This year has been a bit of a blur for me in many ways. A lot has been going on and as a result it seems as though a blink of an eye in Springtime has turned into cold late November nights.
We are still enjoying our coffee, though we have found ourselves unable to get past one in particular, and there is a very real possibility that it is going to reduce the number of different coffees we get to taste this year as our craving – no it is an addiction – continues. Not since La Manuela up to and including the 2006-07 crop have we consumed so much of one coffee.
The coffee that I am waxing lyrical about is my current favourite by some distance, Finca Los Amates Bourbon (available at £4.50 a bag from http://www.hasbean.co.uk), which came eleventh in the 2009 El Salvadorian Cup of Excellence competition.
This is the typical thick, gloopy type espresso that I so love, except the sweetness typical of the style presents slightly differently to the usual milk chocolate and caramel tones. Steve describes a “dark chocolate sweetness” in Los Amates, and there certainly are clear tones of dark chocolate present, though it is not sharp dark chocolate as might be expected. Somehow it conveys great sweetness whilst very clearly remaining dark chocolate in flavour. There are even tones of caramel which are quite creamy and are highlighted by the fantastic mouthfeel. The best bit for me though is the undertone of blackcurrant (Steve gets blackberry) and a stunning spiciness that suits Winter evenings. With a lovely balanced finish and long lasting aftertaste, it is hard to move on from this coffee.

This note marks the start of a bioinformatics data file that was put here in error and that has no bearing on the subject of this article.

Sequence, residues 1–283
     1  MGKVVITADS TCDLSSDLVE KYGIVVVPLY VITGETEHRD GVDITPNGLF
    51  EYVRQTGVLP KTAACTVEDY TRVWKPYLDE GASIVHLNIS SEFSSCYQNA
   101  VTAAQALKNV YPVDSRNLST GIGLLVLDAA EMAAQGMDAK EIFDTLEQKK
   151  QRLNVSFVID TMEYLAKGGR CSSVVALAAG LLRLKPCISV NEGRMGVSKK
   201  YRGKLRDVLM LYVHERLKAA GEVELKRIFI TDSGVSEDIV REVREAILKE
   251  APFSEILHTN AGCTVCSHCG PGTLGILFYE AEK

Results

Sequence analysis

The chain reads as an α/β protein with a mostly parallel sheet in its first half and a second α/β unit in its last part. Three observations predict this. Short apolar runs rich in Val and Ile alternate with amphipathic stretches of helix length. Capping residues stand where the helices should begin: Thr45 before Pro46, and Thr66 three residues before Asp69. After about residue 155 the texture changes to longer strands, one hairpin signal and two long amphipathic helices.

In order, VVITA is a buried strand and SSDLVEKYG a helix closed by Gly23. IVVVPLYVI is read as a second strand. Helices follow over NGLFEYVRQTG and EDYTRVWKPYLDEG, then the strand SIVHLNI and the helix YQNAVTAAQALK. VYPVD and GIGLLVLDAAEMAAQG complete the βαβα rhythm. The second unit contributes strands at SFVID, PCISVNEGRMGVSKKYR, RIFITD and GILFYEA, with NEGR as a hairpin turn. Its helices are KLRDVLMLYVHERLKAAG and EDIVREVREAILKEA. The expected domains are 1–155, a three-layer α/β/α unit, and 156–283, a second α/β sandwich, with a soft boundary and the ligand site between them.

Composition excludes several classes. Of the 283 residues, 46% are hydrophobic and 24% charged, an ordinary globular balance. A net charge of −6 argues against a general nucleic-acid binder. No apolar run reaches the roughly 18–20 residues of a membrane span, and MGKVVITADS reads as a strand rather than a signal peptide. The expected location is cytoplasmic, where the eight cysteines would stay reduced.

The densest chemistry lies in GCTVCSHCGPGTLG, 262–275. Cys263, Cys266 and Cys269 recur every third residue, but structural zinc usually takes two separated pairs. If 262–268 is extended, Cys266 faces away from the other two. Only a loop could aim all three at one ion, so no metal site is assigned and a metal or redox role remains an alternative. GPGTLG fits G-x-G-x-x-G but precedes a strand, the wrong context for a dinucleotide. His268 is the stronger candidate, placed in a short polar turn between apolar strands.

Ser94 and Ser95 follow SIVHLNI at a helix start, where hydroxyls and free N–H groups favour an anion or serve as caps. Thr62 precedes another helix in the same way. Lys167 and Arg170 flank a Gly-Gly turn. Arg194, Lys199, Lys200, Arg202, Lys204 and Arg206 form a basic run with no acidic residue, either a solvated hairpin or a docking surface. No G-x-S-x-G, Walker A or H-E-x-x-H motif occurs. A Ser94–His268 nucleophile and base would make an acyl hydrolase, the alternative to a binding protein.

We may not always go for the latest trend in coffees in a big way, and there is always a tendancy for us to lean toward the chocolate caramel tones that I seem to witter on about endlessly, but with the huge selection of beans available in the UK these days it is easy for a real gem to be underrated. If a coffee doesn’t have a particularly unusual facet it has to stand alongside many other world class beans with similar attributes and it becomes easy to merely group them as types. Well Los Amates really stands out as a classic of its style. My advice is don’t miss out on this one.